SPB In 2011, The Reg's Special Projects Bureau followed the World Solar Challenge through the dead heart of Australia.
This year, we'll do it again. 2013's World Solar Challenge hits the road on October 6th and The Register's Vulture South team will hit the road too, tracking the racers from the top end through the never-never and beyond.
We're hatching our plans and so are the team, which are keenly showing off their designs before their babies get packed into crates and shipped to Australia for the 3,000 kilometre desert epic.
Since the organisers of the challenge tell us that there are 48 teams entered for the Darwin to Adelaide sun-powered drive, there probably won't be time to cover everybody, but The Register will do our best to make use of the time between now and the race start on October 6.
While the field will still sport a large number of drivers shoehorned into aerodynamic tabletops, other builders have their eye on the new “cruiser” class that tries to replicate the family sedan experience. That's the class that the University of New South Wales (UNSW eVe) is targeting.
With more than $AU20,000 support via a Pozible campaign, eVe is a step along an ultimate goal of building a solar vehicle that would pass street registration in Australia. Even so, the two-seater still bears the marks of the need for efficiency: as well as being more aerodynamic than most sedans (which are generally bricks with engines), it's got the extremely skinny wheels needed to minimise road drag.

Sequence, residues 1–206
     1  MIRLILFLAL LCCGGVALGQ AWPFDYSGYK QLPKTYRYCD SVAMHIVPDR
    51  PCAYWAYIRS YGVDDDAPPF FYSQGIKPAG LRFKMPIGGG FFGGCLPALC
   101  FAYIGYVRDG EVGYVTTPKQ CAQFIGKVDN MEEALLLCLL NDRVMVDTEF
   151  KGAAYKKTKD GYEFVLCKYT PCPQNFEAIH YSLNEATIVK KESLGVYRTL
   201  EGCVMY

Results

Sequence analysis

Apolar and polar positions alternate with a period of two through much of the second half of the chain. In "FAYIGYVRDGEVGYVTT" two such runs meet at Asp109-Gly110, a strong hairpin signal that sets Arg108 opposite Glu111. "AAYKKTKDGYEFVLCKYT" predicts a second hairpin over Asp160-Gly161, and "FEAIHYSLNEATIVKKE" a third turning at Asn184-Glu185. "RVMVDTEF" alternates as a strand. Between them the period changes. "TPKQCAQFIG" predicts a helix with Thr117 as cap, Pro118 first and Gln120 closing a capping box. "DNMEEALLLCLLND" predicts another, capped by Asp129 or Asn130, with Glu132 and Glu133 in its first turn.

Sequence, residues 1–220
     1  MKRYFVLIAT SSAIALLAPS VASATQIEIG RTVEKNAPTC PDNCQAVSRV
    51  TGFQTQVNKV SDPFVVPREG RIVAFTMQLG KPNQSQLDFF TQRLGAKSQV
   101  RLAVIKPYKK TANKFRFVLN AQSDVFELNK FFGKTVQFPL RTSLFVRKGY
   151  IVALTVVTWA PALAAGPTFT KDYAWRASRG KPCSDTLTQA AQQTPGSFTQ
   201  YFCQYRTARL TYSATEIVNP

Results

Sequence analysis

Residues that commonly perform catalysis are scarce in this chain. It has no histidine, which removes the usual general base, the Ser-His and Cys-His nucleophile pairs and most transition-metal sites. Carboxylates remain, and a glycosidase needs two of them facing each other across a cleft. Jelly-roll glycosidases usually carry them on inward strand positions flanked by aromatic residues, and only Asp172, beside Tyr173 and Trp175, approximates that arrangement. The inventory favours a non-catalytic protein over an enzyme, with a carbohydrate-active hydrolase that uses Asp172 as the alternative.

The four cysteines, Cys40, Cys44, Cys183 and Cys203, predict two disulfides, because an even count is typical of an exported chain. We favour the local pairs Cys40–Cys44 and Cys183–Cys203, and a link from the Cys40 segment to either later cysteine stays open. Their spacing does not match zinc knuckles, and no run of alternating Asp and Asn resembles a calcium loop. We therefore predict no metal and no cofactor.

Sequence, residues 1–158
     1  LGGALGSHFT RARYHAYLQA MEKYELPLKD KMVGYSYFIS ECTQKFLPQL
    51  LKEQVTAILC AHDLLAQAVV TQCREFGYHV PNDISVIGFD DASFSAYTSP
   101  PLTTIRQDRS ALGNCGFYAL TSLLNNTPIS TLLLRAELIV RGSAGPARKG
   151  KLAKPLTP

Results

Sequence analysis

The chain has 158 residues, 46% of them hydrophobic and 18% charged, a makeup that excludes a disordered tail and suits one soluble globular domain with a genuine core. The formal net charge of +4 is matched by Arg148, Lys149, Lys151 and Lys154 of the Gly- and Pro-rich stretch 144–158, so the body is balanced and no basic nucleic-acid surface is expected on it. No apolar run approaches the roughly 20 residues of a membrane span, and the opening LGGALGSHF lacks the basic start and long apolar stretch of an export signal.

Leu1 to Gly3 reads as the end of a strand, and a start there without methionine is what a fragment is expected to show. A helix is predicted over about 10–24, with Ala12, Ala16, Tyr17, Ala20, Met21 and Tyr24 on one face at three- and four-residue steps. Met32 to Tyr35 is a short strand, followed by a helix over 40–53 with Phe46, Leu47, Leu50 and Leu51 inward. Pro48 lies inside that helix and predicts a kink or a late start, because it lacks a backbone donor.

One rival of the UNSW team is Solar Team Eindhoven, which is also contesting the cruiser class with what it says is the “world's first solar family car”. Its four-seater, dubbed Stella, is designed to have a battery range of 600 km, and the team claims its panels generate enough electricity to make the vehicle energy-positive, able to return power to the grid.
Stella's design goal – apart from winning the cruiser class in the challenge – is to be able to take a family from The Netherlands to France in one day. As well as having four seats, the team has included a trunk in the design.
Stanford's Luminos, which will have its official unveiling on Friday July 12, is also a four-wheeler, and is US street-legal, but the single-seater won't be in the cruiser class. Its makers claim the vehicle produces less drag than a cyclist.
Stanford University's street-legal Luminos
The $US1.4 million four-wheeler, at 170 kg (375 pounds), is carrying a fair amount of weight, but the Stanford team hopes their high-efficiency (97 percent) electric motors will make up for some of that heft.
Cambridge University's Resolution is a lightweight teardrop that will accommodate any driver at all, so long as they're no taller than 5'3” (160 cm).
There is, however, one non-traditional approach the Cambridge team is following: movable solar panels. Instead of covering the whole car with panels – which means when the sun is low to the horizon, a significant number of panels are in shadow – the 120 kg Resolution has mounted its panels on a tracking plate.
Cambridge reckons its follow-the-sun panels will yield 20 percent more power than if it used static panels.
With any luck, the 2013 Solar Challenge won't suffer the dramas - bushfires, vehicle fires and cloudy weather - that left only seven contestants able to finish the 2011 race. ®